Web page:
Whenever you see a successful business, someone once made a courageous decision.

Peter Drucker

Once you know what you’re looking for (Rule 2) and what your options are (Rule 3), the next rule falls into place: Pick the most likely best option and move in that direction.

Often, it’s an unconventional move, which can be scary or risky. That can be a sign you’re on the right track. Keep Rule 6 in mind and do it.

Hesitating doesn’t help. The only way to know if you made the right move or not is from feedback. And the only way to get feedback is to move, so you might as well move with confidence.

Example

Making the move to eating fewer meals a day wasn’t easy for me. I didn’t like the idea of “starving myself” and none of my friends had experimented with eating only once or twice a day. They’d think I was crazy.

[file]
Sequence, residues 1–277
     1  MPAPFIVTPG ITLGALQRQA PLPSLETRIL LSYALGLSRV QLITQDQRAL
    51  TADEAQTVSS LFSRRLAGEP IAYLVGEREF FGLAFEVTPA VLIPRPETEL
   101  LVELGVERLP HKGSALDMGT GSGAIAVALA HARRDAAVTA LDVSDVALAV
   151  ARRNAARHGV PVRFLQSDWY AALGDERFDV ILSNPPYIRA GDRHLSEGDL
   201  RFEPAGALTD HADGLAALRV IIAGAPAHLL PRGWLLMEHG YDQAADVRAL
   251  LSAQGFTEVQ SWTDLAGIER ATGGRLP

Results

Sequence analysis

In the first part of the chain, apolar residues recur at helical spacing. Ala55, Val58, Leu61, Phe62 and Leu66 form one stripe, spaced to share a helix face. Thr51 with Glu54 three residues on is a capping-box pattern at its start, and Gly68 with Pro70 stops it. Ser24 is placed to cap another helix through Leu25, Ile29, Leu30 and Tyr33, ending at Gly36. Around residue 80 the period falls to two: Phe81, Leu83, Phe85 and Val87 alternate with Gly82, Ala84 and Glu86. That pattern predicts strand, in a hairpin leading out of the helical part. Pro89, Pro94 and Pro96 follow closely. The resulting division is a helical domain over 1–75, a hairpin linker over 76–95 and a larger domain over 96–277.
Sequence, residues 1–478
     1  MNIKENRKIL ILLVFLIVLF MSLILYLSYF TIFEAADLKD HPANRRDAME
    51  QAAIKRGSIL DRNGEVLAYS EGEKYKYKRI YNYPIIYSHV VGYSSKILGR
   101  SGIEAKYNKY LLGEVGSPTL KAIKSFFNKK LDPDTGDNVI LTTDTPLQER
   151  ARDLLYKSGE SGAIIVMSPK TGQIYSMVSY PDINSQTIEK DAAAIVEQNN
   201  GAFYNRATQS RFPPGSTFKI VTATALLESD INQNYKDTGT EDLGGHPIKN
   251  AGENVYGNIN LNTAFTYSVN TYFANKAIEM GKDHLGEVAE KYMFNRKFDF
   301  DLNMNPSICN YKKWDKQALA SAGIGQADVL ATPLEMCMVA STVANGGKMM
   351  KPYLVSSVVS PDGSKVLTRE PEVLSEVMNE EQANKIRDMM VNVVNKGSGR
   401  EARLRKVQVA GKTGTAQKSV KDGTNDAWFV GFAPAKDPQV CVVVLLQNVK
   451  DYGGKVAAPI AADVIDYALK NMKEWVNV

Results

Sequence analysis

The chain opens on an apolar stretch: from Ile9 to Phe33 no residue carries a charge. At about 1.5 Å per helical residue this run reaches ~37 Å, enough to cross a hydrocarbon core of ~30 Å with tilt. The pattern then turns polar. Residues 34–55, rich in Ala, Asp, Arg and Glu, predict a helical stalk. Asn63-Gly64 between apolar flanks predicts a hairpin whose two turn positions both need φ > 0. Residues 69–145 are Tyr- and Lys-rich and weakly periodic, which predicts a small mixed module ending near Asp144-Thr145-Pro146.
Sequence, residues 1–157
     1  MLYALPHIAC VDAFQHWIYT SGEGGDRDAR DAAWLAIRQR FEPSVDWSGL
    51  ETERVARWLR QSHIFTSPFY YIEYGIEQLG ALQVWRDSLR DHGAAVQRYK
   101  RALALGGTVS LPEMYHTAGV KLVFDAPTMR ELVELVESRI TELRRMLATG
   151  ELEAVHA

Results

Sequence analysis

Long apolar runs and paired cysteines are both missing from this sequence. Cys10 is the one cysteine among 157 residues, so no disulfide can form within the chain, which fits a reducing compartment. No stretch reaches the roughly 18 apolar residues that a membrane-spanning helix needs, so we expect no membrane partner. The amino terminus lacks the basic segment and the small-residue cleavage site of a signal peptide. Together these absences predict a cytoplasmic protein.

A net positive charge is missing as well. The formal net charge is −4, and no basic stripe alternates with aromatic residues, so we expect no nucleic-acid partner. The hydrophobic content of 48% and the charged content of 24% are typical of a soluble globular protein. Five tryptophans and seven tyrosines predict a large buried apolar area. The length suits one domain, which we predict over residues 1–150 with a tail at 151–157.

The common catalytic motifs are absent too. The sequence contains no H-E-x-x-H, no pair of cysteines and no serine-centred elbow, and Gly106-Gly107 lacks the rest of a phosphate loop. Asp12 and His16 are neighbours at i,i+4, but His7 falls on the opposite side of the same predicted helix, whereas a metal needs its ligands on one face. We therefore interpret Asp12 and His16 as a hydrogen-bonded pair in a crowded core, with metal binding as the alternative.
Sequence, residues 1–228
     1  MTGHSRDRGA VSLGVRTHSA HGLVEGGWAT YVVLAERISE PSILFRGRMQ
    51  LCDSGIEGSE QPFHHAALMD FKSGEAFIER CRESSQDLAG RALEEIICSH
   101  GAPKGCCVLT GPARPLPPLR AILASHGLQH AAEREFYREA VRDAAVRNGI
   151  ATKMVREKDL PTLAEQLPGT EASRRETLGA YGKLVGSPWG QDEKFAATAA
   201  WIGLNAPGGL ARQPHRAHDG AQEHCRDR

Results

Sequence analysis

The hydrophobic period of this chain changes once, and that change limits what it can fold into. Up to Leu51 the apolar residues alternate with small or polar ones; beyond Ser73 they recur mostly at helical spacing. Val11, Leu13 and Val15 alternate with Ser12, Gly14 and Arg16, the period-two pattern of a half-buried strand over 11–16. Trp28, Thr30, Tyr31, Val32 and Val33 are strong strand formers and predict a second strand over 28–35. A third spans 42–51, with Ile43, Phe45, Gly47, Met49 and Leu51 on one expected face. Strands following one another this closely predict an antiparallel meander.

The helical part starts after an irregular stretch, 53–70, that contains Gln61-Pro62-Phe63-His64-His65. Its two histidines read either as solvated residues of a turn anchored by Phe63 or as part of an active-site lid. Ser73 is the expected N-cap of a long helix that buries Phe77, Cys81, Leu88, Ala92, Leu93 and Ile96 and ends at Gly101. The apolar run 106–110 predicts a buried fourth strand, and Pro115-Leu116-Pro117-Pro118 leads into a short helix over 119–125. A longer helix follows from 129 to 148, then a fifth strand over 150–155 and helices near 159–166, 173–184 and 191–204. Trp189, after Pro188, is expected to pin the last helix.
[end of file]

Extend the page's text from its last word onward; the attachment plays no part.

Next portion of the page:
But everything indicated it was the right direction. It would certainly save me time and my research told me it could improve my energy and focus.

So I gave it a go.

Rule #5:
Listen Carefully

There is no motion in a straight line. A straight line infinitely projected becomes a circle.

Swami Vivekananda

No matter how well your previous move turns out for you, if you keep going that way you’ll eventually go too far and start going the wrong direction.

To know when to turn, listen carefully for signs telling you you’re “getting colder” and be open-minded enough to accept it. The sooner you get the message, the sooner you can adjust and get back on course in an extraordinary direction.

Example

As time progressed it got easier and easier to restrict myself to only two meals a day. Eventually, I stopped thinking about it. It became my routine.